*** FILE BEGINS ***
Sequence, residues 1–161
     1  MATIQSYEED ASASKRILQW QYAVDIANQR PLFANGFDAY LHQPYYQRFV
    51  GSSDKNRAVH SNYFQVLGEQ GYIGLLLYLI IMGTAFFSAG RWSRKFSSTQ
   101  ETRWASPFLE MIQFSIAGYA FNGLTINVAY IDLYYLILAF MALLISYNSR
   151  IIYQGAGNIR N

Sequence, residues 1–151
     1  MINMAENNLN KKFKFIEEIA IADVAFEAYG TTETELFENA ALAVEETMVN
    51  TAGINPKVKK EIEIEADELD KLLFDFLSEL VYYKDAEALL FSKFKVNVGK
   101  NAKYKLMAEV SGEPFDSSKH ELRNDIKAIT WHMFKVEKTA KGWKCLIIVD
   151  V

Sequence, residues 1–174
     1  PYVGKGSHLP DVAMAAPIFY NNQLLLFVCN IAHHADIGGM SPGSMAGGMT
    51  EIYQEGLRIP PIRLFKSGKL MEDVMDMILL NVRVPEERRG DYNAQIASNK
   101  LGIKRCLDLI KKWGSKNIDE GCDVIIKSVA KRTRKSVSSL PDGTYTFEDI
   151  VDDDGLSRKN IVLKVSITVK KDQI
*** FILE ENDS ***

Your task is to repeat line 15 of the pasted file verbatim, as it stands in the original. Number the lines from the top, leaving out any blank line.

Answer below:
   151  VDDDGLSRKN IVLKVSITVK KDQI